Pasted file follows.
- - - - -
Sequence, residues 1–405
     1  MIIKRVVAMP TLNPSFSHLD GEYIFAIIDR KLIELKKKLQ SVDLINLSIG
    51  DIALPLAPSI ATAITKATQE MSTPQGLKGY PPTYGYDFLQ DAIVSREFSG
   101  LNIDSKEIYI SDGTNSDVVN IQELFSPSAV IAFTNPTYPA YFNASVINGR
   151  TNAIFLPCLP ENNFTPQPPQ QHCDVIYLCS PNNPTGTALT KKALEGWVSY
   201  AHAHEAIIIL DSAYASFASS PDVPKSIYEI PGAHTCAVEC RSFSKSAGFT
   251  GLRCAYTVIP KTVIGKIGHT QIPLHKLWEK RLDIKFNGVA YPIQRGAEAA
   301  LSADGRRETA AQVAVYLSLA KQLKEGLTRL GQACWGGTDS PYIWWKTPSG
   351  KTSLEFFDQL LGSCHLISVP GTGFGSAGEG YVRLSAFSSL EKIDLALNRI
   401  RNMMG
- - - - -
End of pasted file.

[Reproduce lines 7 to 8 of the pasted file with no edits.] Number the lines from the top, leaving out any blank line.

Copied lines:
   251  GLRCAYTVIP KTVIGKIGHT QIPLHKLWEK RLDIKFNGVA YPIQRGAEAA
   301  LSADGRRETA AQVAVYLSLA KQLKEGLTRL GQACWGGTDS PYIWWKTPSG